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This AI Is Scouting For Obesity-Prone Persons From Space, And It’s Actually A Good Thing

This AI Is Scouting For Obesity-Prone Persons From Space, And It’s Actually A Good Thing

Disha Misal

Neural networks are very popular in the field of artificial intelligence applications like object detection or image classification. Now researchers have discovered a way to find out obesity-prevalent areas with the aid of convolutional neural networks.

Researchers from the University of Washington, Seattle, have been taking satellite images of the earth and using them to find which people are prone to obesity. The satellite records the surrounds of people living or working in a specific area which is later used to analyse obesity-prone people by gauging habits they might have or are likely to develop based on their surrounding environments. Though this analysis is 64.8 percent reliability, it is quite inexpensive and swift.


For this study, the researchers downloaded 150,000 satellite images from Google maps of 1695 census tracts for six cities, Los Angeles, Memphis, San Antonio, Seattle, Tacoma and Bellevue. They used neural networks to train with these images. By observing the trees, roads and other elements around, the neural network gave the estimate of the rate of obesity in the area. The system did not figure out the chances of obesity of a person, but in general of the people living in a region.

Obesity is generally linked to traits like physical activity, diet, genetics and the surrounding environment. It is defined as a BMI which is the weight in kilograms divided by the height in meters squared, greater than 30.

The analysis was done broadly in two steps:

  1. Image extraction: Extracting high-dimensional images from the satellite and identifying the important features by applying convolutional neural networks to them. Also, acquiring the processed point of interest (POI).

An application programming interface of Google called the Google Static Map API is used to embed the Google map images. It has properties like graphics centre, image dimensions and zooming for each image. The zoom level was set to 18, image dimensions were set to 400 x 400 pixels. For each city, the geographical span was divided into small square grids, where the grid spacing for each grid was 150 metres. Each point on the grid expressed a value of latitude and longitude.

After this stage, each image was associated with its respective census tract, using census tract shapefiles. Images that were outside the cities of interest were excluded. The next step was to download the POI data from Google Places of Interest API. To do this, the grid was chosen to select geographical locations and a radial nearby search was performed. 96 different categories of POI were collected and for each census track the number of locations for each category of POI was noted down.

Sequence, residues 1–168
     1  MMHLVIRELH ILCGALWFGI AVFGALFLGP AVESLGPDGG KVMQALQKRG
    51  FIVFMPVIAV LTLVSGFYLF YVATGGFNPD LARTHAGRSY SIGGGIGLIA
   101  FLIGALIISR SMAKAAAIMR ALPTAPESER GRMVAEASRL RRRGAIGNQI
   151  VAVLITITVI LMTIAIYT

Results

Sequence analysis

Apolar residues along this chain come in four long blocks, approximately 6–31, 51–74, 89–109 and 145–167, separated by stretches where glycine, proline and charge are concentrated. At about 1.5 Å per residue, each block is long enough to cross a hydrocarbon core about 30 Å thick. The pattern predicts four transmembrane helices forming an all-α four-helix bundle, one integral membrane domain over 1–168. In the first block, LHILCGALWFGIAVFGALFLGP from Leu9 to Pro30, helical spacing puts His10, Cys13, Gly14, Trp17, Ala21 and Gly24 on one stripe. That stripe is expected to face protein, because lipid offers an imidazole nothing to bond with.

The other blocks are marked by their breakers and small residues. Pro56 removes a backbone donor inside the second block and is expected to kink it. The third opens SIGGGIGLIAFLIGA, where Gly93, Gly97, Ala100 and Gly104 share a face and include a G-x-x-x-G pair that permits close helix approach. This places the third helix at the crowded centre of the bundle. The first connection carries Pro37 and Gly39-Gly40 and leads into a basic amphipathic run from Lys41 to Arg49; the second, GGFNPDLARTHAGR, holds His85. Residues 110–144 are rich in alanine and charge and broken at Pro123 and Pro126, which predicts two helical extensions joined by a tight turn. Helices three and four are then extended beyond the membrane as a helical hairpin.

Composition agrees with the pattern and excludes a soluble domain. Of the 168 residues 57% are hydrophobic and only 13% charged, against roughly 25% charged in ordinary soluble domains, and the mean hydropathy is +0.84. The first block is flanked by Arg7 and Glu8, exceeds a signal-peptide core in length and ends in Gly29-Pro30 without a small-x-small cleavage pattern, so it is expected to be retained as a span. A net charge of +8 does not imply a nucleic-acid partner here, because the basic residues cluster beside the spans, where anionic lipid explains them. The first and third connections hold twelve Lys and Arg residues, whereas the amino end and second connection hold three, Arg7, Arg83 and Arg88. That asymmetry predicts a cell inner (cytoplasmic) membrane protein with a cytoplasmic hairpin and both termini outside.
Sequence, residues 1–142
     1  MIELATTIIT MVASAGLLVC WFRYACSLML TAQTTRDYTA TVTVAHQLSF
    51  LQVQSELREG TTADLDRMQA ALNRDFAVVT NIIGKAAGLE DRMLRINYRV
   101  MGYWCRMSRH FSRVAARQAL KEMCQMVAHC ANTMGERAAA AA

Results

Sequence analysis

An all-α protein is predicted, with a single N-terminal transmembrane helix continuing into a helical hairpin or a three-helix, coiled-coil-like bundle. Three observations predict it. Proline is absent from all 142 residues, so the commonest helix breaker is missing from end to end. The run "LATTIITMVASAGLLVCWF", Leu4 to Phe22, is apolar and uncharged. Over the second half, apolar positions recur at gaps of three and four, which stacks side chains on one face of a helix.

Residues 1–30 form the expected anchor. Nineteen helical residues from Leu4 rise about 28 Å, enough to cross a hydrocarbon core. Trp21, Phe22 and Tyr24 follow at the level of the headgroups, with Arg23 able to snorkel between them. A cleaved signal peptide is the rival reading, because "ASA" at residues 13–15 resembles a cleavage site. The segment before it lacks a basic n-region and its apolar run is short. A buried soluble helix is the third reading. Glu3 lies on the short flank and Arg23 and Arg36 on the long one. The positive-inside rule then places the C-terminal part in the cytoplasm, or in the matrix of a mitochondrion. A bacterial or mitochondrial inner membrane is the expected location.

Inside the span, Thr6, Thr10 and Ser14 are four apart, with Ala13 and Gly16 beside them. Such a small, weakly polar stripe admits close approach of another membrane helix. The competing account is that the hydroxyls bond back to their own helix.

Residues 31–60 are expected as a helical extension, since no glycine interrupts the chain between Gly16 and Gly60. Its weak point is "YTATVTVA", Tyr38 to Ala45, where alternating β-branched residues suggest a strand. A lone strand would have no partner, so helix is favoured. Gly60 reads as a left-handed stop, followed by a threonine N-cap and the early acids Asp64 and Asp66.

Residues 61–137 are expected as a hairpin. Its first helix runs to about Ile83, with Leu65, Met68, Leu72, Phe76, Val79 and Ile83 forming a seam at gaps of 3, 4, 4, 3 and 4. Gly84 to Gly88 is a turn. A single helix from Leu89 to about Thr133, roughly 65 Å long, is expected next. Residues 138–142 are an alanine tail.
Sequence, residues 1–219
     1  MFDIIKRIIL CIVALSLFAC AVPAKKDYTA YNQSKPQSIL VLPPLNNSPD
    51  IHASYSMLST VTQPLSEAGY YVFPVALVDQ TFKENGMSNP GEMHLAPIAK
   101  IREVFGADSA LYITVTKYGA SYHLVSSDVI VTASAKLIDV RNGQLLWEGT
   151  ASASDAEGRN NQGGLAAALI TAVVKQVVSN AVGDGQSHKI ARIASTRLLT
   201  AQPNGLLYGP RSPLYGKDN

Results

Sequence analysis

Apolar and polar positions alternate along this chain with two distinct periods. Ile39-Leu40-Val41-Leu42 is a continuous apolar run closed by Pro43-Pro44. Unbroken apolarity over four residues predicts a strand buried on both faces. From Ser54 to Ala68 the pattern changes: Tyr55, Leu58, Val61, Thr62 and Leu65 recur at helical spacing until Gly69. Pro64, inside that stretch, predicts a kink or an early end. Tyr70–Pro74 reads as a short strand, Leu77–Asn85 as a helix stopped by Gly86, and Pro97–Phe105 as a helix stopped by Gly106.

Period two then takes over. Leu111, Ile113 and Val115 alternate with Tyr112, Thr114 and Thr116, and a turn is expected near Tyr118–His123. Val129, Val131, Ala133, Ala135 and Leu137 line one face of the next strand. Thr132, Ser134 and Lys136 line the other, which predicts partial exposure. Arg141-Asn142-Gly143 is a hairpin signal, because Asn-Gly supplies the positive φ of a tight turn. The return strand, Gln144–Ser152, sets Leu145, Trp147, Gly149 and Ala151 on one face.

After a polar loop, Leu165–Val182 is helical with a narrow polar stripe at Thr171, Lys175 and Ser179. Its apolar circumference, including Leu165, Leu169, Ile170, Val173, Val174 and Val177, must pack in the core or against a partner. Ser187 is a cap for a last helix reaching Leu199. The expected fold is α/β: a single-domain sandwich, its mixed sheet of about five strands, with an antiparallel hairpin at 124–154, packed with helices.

1. Correlation hunt: Elastic net regression was used to build a model to access the relationship between obesity prevalence and the environment.

Here, a machine learning method called transfer learning was adopted by the researchers. This method requires using a pre-trained neural network to extract important features from the satellite images. It is used for using the pre-trained CNN as a fixed feature extractor along with linear classifiers and regression models.

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The network used in this case was a VGG-CNN-F network. It has five convolutional and 3 fully connected layers and this network was trained using 1.2 million satellite images from the ImageNet database. It was then used to assign the objects in the images to each of the categories. This network learns to extract gradients, edges and patterns that help in object detection.

Outputs for each image were collected from one of the fully connected layers. This layer had 4096 nodes and each of these has a non-linear connection, with all other nodes in the previous and next layers. Each feature vector has 4096 dimensions corresponding to the output of these nodes. Mean of all the features belonging to a census tract was found out. To know whether their CNN could differentiate between the built environment features, they made a forward pass through the network for a randomly selected set of images and observed the output from the convolutional layers. The image features were also distinguished based on the categories of obesity prevailing and not prevailing.

Concluding Note

The CNN model could learn to identify features of the environment associated with obesity. The success rate of this method on an average for all the six cities was 64.8 percent, although the highest was in Memphis being 73.3 percent.

A new and convenient way has been discovered to track obesity based on the region of stay. This information can also be fruitful for city planners as well. Drawbacks of this method can be defeated with time and a more precise obesity prevalent study can be made possible.

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